Some days are deadlier than others. The procrastination book tells me to pencil in fun things in my schedule, to make sure I keep up my commitment to having fun. I have been blocking out entire evenings with art classes and gym sessions. This seems to be doing me good; indeed, I haven’t cried in weeks and I don’t feel guilty about having free time anymore. Nor do I feel guilty about spending money on it (which, once upon a time, I would have felt very guilty about). I now know that the most important thing in the world isn’t my PhD, nor is it fretting about unwritten articles and non-existent jobs; no, the most important thing in the world is that I get to my drawing class tonight, and if I make it to the gym for a quick swim on the way, then that’s an added bonus.
The thing is: in the morning bit of my schedule, the bit which is blissfully free from activities and which has been set aside for work, I often just can’t seem to get much work done. (the procrastination bible sets the bar very low: it says that if you have managed a solid half-hour a day, then that’s something. I can usually manage to sit still for a paltry half-hour. So I get to pencil that in to the schedule, once I have done it, and I get to feel good. It’s not much, though. There is a chapter sitting on my desk that I just can’t seem to stomach; it was meant to have been finished two weeks ago. It spilled over into the previous week. And this week. The thing is, there are other chapters whose turn it is this week for some alone-time with Mummy. I can’t let things just spill over indefinitely. But I can’t seem to finish it, and the hours – the blissful daytime hours, before the scheduled fun starts – slip away, every day.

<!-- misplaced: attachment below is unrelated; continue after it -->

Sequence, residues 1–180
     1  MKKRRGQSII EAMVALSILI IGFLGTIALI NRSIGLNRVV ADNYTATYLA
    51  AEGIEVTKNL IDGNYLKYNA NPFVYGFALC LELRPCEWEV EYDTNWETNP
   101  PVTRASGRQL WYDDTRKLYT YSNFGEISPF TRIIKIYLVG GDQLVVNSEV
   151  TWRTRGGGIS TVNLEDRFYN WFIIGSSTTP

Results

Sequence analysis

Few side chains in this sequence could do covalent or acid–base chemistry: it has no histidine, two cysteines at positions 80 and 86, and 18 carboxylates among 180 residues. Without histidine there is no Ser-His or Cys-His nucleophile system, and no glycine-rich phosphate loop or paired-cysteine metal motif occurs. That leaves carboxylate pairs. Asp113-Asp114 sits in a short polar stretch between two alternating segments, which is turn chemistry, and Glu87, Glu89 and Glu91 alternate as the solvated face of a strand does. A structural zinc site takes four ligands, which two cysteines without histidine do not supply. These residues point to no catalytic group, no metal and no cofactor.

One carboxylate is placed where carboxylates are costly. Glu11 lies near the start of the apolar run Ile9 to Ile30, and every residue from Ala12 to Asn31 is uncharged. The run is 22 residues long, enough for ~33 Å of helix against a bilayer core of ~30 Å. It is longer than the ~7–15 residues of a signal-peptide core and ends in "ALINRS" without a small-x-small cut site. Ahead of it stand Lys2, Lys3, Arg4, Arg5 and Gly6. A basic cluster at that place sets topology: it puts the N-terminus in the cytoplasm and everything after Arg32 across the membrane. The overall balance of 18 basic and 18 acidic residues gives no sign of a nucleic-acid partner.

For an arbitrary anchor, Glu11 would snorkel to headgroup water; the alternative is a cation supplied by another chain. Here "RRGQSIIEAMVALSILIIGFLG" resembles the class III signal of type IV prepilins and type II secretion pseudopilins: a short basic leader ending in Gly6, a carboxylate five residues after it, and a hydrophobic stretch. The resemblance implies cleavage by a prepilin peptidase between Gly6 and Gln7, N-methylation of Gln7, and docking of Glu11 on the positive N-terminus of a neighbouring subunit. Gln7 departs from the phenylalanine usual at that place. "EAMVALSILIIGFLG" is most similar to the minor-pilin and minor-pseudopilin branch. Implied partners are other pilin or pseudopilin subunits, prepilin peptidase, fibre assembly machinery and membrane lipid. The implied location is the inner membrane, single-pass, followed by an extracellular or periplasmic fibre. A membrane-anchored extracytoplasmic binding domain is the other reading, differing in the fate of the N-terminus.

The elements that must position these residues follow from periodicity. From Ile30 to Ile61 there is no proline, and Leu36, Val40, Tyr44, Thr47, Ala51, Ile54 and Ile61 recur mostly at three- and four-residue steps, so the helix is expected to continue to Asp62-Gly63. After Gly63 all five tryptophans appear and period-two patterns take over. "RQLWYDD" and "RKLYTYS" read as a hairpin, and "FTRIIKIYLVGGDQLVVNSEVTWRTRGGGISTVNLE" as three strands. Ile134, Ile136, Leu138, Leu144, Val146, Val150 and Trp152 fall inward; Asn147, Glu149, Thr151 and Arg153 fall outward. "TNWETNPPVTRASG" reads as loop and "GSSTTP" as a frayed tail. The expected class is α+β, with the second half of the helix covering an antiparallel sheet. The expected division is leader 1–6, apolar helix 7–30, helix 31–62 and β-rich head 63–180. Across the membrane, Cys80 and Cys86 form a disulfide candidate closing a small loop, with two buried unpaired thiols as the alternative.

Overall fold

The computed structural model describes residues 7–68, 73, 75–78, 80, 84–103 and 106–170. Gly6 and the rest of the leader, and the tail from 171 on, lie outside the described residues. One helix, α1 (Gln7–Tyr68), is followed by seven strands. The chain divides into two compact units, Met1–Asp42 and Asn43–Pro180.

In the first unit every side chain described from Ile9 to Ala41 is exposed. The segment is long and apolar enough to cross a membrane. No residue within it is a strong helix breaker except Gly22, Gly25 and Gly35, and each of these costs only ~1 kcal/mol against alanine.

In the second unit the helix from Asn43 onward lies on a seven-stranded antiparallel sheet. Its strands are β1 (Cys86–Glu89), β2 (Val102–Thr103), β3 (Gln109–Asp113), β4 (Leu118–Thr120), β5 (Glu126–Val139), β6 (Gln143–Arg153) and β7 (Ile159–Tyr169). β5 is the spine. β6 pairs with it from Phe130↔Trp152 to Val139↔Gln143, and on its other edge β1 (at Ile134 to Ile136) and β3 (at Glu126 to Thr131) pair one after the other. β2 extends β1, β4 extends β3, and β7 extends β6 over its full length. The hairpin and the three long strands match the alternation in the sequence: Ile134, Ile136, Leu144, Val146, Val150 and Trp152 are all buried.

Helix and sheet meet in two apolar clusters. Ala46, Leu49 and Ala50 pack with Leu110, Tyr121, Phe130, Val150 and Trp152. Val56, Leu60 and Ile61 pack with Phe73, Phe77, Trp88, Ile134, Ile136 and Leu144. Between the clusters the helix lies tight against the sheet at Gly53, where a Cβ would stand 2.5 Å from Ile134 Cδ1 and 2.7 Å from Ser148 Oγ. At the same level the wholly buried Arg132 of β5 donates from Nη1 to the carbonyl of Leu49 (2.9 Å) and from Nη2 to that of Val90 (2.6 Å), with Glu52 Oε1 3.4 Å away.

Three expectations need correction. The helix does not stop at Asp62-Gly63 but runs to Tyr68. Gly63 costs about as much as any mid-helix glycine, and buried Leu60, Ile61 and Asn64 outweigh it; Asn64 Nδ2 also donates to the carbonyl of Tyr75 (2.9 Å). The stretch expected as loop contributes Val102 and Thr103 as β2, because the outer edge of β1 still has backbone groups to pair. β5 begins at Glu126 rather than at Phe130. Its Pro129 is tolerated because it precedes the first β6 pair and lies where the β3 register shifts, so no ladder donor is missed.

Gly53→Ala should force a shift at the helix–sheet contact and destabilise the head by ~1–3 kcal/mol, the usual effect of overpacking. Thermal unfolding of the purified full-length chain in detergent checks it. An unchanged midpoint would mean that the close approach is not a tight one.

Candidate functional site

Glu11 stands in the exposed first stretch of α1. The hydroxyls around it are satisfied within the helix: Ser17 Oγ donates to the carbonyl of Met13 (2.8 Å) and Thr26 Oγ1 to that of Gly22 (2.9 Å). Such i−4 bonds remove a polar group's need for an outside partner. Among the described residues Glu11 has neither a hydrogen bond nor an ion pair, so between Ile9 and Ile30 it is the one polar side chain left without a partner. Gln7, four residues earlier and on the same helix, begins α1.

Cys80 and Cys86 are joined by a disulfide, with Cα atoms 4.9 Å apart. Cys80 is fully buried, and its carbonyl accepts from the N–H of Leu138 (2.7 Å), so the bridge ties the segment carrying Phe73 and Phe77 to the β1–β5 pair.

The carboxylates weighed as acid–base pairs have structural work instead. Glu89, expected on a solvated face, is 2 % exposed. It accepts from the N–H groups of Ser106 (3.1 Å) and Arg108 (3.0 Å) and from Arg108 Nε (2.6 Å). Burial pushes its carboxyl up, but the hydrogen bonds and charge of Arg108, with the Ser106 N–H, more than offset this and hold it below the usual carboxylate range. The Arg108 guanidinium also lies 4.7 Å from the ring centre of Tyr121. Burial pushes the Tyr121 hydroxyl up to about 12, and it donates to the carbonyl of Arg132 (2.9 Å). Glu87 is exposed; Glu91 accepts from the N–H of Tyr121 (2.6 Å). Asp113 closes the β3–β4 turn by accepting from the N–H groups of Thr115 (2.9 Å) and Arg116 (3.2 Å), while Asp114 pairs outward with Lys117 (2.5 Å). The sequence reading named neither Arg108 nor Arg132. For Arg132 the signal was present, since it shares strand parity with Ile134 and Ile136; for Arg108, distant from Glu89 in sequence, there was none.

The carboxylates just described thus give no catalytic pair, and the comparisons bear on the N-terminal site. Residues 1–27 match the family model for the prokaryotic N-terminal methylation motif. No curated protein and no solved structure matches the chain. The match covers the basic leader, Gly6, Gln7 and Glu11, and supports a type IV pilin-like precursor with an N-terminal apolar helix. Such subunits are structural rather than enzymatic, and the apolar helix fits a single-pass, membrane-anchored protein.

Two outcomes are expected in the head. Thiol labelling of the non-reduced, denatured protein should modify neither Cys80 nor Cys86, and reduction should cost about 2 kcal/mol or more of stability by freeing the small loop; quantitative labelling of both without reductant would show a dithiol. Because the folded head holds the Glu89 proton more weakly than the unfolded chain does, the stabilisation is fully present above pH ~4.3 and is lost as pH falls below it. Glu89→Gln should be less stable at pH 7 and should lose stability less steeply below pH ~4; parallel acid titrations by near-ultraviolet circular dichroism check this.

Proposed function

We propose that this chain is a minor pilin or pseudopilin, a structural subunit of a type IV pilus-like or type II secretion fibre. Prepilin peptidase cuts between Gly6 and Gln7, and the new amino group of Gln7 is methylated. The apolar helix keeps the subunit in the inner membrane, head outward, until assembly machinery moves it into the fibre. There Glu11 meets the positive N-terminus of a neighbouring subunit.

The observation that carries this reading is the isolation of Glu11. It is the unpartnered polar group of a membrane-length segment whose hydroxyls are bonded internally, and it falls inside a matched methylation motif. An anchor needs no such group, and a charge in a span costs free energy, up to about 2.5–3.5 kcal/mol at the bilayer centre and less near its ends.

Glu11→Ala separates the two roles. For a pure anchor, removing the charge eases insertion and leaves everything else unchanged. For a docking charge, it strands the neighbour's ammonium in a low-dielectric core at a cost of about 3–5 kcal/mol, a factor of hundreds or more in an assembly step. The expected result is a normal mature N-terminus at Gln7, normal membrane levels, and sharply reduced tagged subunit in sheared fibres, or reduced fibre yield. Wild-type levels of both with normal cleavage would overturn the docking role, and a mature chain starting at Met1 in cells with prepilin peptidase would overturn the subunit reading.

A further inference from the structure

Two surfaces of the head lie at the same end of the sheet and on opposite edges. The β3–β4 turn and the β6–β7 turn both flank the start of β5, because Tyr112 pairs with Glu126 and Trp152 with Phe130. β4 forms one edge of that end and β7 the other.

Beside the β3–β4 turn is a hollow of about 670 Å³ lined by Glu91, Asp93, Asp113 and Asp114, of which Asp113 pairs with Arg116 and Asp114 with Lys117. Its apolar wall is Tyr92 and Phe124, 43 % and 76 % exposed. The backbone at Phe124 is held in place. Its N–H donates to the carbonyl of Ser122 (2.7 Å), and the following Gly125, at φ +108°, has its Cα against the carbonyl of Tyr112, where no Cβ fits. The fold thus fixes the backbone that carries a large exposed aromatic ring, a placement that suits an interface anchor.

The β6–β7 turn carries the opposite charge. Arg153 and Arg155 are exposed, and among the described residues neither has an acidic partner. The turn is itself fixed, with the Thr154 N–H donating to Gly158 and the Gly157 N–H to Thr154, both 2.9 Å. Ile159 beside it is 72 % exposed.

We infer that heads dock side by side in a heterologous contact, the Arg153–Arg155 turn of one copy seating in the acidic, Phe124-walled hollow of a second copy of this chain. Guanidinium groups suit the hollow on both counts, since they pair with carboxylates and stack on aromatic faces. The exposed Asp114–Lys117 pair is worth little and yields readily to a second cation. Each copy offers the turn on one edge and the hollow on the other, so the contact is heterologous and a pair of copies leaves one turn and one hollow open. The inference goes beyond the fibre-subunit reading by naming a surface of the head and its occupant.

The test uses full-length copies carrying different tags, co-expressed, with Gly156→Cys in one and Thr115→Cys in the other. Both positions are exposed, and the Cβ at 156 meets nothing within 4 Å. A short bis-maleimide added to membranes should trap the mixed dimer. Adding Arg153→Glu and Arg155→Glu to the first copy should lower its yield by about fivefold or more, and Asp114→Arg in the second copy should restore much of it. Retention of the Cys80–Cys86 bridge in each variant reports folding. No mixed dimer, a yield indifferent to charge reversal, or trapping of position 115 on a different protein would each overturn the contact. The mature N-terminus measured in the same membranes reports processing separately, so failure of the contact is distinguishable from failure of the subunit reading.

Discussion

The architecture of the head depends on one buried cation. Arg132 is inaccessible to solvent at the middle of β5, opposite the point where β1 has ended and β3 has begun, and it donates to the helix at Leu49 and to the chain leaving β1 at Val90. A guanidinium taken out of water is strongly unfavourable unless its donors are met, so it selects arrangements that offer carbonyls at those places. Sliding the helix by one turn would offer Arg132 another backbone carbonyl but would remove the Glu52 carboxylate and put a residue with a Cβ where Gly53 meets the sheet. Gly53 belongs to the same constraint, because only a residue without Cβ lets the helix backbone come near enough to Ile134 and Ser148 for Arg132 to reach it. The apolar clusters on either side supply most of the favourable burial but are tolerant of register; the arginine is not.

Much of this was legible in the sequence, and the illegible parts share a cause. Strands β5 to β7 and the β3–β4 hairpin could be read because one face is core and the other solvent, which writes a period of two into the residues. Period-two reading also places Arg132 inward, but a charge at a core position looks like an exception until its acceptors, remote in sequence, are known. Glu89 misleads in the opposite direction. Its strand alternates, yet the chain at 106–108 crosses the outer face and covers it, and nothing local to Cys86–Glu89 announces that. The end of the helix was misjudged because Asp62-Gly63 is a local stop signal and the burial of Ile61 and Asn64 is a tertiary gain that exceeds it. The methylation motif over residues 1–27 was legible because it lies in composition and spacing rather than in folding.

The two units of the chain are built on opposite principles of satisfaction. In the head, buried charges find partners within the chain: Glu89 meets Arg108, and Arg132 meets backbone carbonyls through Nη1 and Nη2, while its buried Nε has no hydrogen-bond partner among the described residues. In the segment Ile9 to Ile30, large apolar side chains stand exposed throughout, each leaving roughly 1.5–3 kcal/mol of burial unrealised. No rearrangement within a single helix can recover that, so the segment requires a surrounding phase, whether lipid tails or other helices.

Today I have a plan: do two half-hours on that chapter, then save it, print it and give it to someone to read. Stop doing it. Then do two half-hours on the next chapter. Save it, print it, stop it. Then see where we are.
You could really just go on faffing indefinitely with one bit of work, never quite get into it and never finish it. The procrastination bible says that this kind of procrastination requires a good, hard look at the value of real, finished, imperfect work, which you can do in the time available to you, as opposed to perfect, unfinished, ideal work that doesn’t exist (yet which you COULD do if you had ore time, more resources, more… whatever.)
How I wish that I could listen to the procrastination book properly and just DO WHAT IT SAYS and start early every day and get shit done.
Oh God, it’s eleven. Right. Two half-hours. That is my aim.